Argentina poised to deliver Latin America’s biggest abortion rights win

Argentine lawmakers have taken a huge step towards legalising abortion, fulfilling President Fernández’ promise to make women’s rights a central pillar of his government.

On course to becoming the first major Latin American country to legalise abortion and just the fourth in the region where the practice is not prohibited, it appears Argentina may be about to deliver a historic win for women’s rights after legislation was passed by the lower house.

Submitted last month by left-wing president, Alberto Fernández – who has made the rights of women, gay, and transgender people fundamental to his government, in spite of recession and pandemic hardships – the bill was approved last Friday by a margin of 131 to 117 votes concluding a 20-hour debate.

If approved in its entirety, the country with its staggering population of 45 million would become the largest in Latin America to consent the procedure, a predominantly Roman Catholic region long permeated with stringent abortion laws that, in some cases, have led to incarceration for those violating them.

Currently, abortion is only legal in Uruguay and Cuba, both considerably small countries where the Church has less influence over steering policy. In some jurisdictions of Mexico, elective abortion is also legal, as well as in Guyana and French Guiana. A change of laws in Argentina however, which is by far the most populous of these nations and the home country of Pope Francis, has the potential to send a loud signal across Latin America, where the demand for legal abortion shows no signs of abating.

‘This utterly innovative decision will have a contagion effect,’ says Debora Diniz, a prominent Brazilian reproductive rights activist. ‘I haven’t the slightest doubt that other countries will follow suit.’ Though the bill still needs to pass through the Senate, it’s a pivotal moment in the battle over reproductive rights in Argentina, owing to the backing of a president who has dedicated funds and political capital to drastically improve conditions for his female citizens.

In Argentina at present, abortion is only legal in cases of rape or if the life or health of the mother is at risk. The proposed bill will decriminalise and legalise abortion in the first 14 weeks of pregnancy, permitting it beyond that period if the pregnancy falls under those aforementioned circumstances.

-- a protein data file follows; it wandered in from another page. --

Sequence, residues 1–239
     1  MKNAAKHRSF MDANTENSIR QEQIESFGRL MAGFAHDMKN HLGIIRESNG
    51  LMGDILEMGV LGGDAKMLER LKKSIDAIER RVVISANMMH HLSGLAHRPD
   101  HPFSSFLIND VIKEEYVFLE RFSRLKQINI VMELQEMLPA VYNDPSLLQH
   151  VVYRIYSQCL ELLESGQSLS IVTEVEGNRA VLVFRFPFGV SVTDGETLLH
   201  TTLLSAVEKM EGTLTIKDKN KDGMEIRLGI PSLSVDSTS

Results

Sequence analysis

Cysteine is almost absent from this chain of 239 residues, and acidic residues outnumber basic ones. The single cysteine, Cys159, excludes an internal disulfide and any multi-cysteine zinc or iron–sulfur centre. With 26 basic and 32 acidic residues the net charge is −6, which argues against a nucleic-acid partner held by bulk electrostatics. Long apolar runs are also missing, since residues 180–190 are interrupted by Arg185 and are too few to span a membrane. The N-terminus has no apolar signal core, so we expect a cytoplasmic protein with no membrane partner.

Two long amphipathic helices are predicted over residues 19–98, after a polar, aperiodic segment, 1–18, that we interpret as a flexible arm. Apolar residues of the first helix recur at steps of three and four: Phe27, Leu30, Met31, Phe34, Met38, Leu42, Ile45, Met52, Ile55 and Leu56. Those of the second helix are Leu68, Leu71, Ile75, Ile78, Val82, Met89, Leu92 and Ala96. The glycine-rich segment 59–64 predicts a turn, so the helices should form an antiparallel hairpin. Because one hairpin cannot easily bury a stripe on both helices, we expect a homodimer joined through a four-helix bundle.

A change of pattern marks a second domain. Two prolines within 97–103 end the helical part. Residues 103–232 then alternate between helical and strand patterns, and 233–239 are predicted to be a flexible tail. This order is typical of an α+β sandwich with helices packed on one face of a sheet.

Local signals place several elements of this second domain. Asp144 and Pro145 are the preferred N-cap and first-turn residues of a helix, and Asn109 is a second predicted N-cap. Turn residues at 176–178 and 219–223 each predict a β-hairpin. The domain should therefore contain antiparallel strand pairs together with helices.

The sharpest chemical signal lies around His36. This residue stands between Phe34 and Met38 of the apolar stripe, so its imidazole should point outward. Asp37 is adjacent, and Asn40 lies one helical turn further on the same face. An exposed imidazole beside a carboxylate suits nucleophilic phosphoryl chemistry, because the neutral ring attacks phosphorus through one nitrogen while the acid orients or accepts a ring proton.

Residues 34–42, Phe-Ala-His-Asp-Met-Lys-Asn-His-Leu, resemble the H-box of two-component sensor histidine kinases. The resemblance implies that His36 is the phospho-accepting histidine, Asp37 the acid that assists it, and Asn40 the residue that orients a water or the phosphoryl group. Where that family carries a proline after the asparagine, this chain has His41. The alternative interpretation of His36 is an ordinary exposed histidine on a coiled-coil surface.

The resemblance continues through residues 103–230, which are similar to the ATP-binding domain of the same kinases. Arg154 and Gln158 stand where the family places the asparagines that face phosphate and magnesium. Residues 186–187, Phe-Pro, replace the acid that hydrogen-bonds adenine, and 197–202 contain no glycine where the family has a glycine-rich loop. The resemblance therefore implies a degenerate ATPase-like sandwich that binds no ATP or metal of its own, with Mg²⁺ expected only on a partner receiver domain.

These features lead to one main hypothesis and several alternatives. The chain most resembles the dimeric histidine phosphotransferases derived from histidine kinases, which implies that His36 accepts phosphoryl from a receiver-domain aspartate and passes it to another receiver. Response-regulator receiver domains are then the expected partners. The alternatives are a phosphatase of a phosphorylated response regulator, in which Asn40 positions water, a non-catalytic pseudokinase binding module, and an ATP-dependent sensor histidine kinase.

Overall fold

Additionally, in the public, private, and social security health system, it aims to provide these terminations free of charge, with the caveat that medical professionals can declare a conscientious objection to carrying them out. That is, as long as they are able to alternatively refer the person to someone willing to perform the procedure in a timely manner.

Up until this point, the absence of legal abortion has meant that millions of teenagers across Latin America have been forced to carry unwanted pregnancies to term. And according to a recent report by REDAAS (Argentina’s Access to Safe Abortion Network), in 2016-2018 over 7,000 girls between the ages of 10 and 14 delivered babies in Argentina alone. This has brought about an ever-growing push for reform from the pro-abortion ‘green wave’ campaign, which had gained serious traction in the run up to President Fernández’ latest announcement.

‘Criminalizing abortion has been of no use. It’s only allowed abortions to occur in clandestine fashion, in worrying numbers,’ he voiced on Twitter, prior to the bill’s approval and marking the first time a bill of this nature has been endorsed by an Argentinian president. ‘Legalizing abortion saves women’s lives, and it preserves their reproductive capacity, which is often affected by unsafe abortions. It doesn’t increase the number of abortions and it doesn’t promote it. It just solves a problem that affects public health.’

In light of his support and the televised declaration that promptly followed to alert the Argentine public of the ‘resulta afirmativo,’ members of the green wave movement and thousands of activists alongside them flooded to the streets in what local news station Infobae referred to as ‘a tsunami of joy.’

‘This is a victory for the women’s movement that’s been campaigning for this for many, many years,’ journalist Ingrid Beck told The Guardian, adding that it’s especially significant for the poorer citizens who have been risking their lives to undergo illegal and often dangerous procedures at home and in underground clinics. ‘The fact that this bill is sponsored by the government makes all the difference.’

The timing of the vote remains unclear, but the Casa Rosada presidential palace suggests it will most likely take place during the summer months, from December to February. While the final outcome is yet to be revealed, executive director of Amnesty International Argentina, Mariela Belski, believes we can rest assured it’ll be a positive one.

‘We’ve always said that legalizing abortion is a human rights imperative, it’s something that will turn us into a more equal society,’ she says.

‘Thankfully, our president recognises that. It will be closer in the Senate, but according to our count, the numbers are there. Plus, the Peronists never send a project to Congress if they think they’re going to lose. If they’re sending it, it’s because they know they’re going to win.’

With the world watching in anticipation, the long-awaited moment of abortion’s legalisation in Argentina may well be about to arrive, but only time will tell whether or not the Argentine Senate fully approves of a law that could have repercussions throughout an entire region.

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